In a world beset by economic crises, the continued existence of the Sun Ra Arkestra for over 55 years outside the mainstream is nothing short of miraculous and testament to the enduring vision, charisma and determination of the man from Saturn. Since Ra left the planet in 1993, surviving original member, reedman Marshall Allen, has maintained both his legacy and the Arkestra as a creative force. These two discs from opposite ends of the group's timeline give some idea of the (space)ways they have traveled.
Recorded in 1962, though not released until 1965, Secrets of the Sun now appears for the first time on CD, complete with a bonus track from the same period. At this point in their history, the Arkestra were in transition, moving physically from Chicago to New York, but musically from recognizably swinging big band charts to conducted improvisations. Even when the form is conventional, as on the martial "Friendly Galaxy" or the driving "Space Aura," the simultaneous soloing flutes on the former or the alternating tenor and baritone saxophone spots that ultimately coalesce on the latter, show a chafing at the bounds.
On other tracks they are more experimental. "Solar Symbols" emphasizes bells, gongs and percussion treated with heavy reverb, which hasn't weathered well. But on "Love In Outer Space" John Gilmore's bass clarinet remains genuinely disturbing as it slides between pitches in the upper register like no one before or since. The previously unreleased 17-minute "Journey to Mars" is most notable for the fragments from other sessions spliced into the opening, before a chugging rhythm and series of solos, with Ronnie Boykins' arco bass sawing being the best of the bunch. Probably essential for Saturnophiles, but the uninitiated should start elsewhere.
Fast forward 47 years and the Arkestra continues to go strong as evidenced by this document from the Paradox Club in the Netherlands, recorded at the end of a week-long residency. Their program draws from a book which spans the decades, mixing Ra originals like "Velvet" and "Dreams Come True" (with Knoel Scott crooning the lyrics), alongside some newly minted pieces by Allen that fit snugly into the Arkestral vernacular.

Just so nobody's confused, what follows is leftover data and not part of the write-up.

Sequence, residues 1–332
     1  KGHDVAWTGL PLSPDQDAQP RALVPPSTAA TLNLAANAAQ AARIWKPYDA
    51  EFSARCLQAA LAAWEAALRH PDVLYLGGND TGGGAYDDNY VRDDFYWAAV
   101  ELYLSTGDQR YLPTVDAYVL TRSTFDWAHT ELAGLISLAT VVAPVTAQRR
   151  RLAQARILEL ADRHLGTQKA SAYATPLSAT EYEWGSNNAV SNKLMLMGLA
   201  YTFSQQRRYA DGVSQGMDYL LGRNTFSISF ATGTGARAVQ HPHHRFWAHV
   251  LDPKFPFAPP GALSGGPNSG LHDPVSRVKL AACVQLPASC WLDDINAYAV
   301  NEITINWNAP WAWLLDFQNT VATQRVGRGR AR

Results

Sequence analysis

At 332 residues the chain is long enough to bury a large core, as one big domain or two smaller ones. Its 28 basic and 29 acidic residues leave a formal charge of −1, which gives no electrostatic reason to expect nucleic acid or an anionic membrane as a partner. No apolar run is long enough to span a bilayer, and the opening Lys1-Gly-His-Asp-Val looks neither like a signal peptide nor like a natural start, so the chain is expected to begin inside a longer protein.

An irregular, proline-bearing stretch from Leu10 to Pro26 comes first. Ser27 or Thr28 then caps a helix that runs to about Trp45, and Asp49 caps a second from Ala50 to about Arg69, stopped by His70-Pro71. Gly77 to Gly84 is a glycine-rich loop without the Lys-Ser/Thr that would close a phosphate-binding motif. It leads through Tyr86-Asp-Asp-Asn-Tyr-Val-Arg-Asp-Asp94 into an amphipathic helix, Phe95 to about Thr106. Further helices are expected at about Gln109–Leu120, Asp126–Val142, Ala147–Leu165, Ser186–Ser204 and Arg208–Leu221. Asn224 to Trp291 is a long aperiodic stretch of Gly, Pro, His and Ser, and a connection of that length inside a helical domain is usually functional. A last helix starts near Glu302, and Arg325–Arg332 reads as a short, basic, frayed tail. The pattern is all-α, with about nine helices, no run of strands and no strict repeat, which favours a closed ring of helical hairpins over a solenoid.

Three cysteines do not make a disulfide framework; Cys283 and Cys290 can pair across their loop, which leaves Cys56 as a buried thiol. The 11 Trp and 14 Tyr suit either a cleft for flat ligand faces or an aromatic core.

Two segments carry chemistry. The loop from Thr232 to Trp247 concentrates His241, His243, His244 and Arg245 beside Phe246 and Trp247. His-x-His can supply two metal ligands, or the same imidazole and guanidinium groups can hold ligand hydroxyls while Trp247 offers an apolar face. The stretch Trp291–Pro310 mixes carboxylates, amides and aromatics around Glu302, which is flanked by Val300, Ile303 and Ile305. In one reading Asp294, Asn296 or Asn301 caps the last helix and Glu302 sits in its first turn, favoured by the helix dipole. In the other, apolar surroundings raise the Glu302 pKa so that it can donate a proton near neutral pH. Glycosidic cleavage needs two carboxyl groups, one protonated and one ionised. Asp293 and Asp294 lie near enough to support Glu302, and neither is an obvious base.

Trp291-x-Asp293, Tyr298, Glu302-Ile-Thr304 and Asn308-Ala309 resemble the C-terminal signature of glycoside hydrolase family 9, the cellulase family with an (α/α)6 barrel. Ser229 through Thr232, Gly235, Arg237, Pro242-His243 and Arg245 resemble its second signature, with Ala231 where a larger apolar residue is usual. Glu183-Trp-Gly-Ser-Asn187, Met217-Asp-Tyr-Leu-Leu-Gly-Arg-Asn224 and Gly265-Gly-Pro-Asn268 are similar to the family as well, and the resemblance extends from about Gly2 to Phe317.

All told, this is a much more straightforward experience. Allen remains the most adventurous soloist. His distinctive eldritch alto saxophone shrieking features strongly on the infectious "Discipline 27-B," segueing into "I'll Wait For You." Reedmen Scott and Abdul Yahya Majid also give good accounts of themselves, though generally solo spots are brief. Fletcher Henderson staple "Hocus Pocus" is given an authentic Swing era rendition, complete with wah-wah trumpets and muscular tenor. Farid Baron essays some high-stepping piano on "Space Idol" playing with some aplomb considering the shoes he's filling. Still a vital force, the Arkestra's Live at the Paradox persuades whether as advert for performance or souvenir after the event.
Tracks and Personnel
Secrets Of The Sun
Tracks: Friendly Galaxy; Solar Differentials; Space Aura; Love In Outer Space; Reflects Motion; Solar Symbols; Flight To Mars.
Personnel: Sun Ra: piano, sun harp, gong; Al Evans: flugelhorn (1, 7); Marshall Allen: flute, alto saxophone, morrow, percussion (1, 3, 4, 5, 6, 7); John Gilmore: bass clarinet, tenor saxophone, space bird sounds, percussion, voice; Pat Patrick: flute, baritone saxophone, spacedrums, bongo (1, 3, 4, 6, 7); Calvin Newborn: electric guitar (1, 7); Ronnie Boykins: bass; Tommy Hunter: drums, space bird sounds, reverb, percussion (1, 2, 5, 6); C. Scoby Stroman: drums (2, 3, 5, 7); Art Jenkins: space voice (2); Eddie Gale: trumpet (3); Jimmy Johnson: percussion (4);
Live At The Paradox
Tracks: Space Walk; Discipline 27-BI'll Wait For You; Dreams Come True; Velvet; You'll Find Me; Millenium; Take Off; Hocus Pocus; Space Idol.
Personnel: Marshall Allen: director, alto saxophone, EVI, flute, clarinet, vocals; Charles Davis: tenor saxophone; Knoel Scott: alto saxophone, vocals; Yahya Abdul Majid: tenor saxophone; Danny Thompson: baritone saxophone, flute, percussion; Rey Scott: baritone saxophone, flute; Fred Adams: trumpet; Cecil Brooks: trumpet; Dave Davis: trombone, tuba; Farid Barron: piano, organ; Dave Hotep: guitar; Juini Booth: bass; Wayne A. Smith Jr.: drums; Elson Nascimento: surdo.